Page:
BLVR: Do you think this is related to turning forty-one? It also is several months since shelter-in-place began—a fair time to start feeling at the end of one’s emotional bandwidth. I can never tell these days what is really generating the feelings I have.

VKN: Some people say age is a number, but if the meaning of life is forty-two, then forty-one is the last year of being in complete suspense about a life that has no meaning. Perhaps my body is celebrating sadly and melancholically the mortality of not knowing who I am, where I am, what I am. I think I cried because I know— & the circumstances of COVID are validating this—that all my dreams and hopes and aspirations will not manifest. It is the acceptance of this reverse still life, this abortion of opportunities and chances, and embracing [the fact] that my destiny and my existence is not only short-lived but also will cease to become of itself. If my life is a snowstorm or a tornado, and this bizarre me has blown into a city—havoc-ing inches of snowflakes and white water vapor—coating a city in meters and not inches of snow—then the snowstorm that is me—has never reached land—this realization that I do not wish to grow old—that I am OK with walking away from a dream or a nightmare—that I am capable of this has become the reality of my sadness. Tears are a symbol of taking off my shoes—a pair of sandals— & leaving them outside the door of my life as I enter into my life.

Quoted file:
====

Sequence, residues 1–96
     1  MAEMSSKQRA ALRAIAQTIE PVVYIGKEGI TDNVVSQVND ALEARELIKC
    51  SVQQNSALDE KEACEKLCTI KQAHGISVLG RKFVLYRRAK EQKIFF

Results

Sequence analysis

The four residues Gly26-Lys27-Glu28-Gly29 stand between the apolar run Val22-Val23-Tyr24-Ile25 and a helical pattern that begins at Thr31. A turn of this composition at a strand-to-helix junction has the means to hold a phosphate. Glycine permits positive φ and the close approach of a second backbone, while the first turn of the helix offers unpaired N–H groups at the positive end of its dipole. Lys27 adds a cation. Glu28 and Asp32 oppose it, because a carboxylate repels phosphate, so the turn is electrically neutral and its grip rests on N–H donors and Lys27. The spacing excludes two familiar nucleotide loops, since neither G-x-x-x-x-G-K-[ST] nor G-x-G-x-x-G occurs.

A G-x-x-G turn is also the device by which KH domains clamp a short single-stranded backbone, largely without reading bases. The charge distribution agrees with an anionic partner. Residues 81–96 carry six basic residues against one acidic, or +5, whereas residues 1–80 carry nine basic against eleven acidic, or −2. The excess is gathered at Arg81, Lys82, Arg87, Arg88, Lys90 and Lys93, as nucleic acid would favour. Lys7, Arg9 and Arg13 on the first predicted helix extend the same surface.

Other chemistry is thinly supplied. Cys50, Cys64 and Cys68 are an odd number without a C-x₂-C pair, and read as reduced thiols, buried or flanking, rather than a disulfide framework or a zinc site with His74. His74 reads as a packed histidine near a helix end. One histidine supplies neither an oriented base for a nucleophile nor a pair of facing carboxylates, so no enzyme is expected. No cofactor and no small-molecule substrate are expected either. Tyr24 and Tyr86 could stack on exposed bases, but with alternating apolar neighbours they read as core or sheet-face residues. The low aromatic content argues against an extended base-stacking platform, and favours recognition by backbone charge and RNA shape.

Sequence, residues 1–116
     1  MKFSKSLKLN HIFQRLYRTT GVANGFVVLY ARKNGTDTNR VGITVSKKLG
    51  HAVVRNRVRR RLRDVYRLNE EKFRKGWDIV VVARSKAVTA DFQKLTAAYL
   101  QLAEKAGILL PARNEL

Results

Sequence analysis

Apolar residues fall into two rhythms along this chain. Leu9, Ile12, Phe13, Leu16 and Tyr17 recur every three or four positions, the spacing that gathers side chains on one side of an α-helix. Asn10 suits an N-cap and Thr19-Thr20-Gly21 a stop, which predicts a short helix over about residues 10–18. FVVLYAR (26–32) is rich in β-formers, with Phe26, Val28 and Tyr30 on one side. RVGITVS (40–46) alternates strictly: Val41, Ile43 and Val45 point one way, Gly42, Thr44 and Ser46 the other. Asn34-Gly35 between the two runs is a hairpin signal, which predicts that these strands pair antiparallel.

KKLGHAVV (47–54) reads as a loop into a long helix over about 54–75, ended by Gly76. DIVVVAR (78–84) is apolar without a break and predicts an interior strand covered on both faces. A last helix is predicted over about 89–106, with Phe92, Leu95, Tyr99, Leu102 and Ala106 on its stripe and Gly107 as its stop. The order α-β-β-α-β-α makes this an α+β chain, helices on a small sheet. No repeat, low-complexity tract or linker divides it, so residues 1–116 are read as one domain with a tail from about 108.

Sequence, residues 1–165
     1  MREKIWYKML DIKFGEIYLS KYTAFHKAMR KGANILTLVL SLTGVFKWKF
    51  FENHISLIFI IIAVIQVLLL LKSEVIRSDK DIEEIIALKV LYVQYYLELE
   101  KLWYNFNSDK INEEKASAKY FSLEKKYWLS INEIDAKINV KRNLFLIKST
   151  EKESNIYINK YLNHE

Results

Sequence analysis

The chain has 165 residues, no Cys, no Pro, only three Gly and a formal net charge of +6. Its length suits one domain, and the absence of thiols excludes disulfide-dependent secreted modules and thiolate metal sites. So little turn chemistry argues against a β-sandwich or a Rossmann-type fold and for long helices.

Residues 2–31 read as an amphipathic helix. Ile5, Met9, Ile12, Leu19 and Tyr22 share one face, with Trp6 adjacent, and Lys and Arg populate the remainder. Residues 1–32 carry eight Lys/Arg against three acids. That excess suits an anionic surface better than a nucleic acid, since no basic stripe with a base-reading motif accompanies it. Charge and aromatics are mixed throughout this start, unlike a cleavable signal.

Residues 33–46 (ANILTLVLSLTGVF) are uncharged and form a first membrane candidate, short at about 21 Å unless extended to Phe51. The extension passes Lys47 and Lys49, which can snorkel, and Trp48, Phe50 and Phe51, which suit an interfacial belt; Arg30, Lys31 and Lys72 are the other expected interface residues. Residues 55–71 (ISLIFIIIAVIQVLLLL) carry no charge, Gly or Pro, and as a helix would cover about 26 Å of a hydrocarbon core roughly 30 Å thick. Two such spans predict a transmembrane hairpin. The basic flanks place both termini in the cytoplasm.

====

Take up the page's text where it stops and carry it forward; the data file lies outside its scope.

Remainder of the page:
BLVR: If I may ask, why do you feel that “the meaning of life is forty-two”? And from your perspective, how have the circumstances of COVID validated that all your dreams and aspirations will not manifest?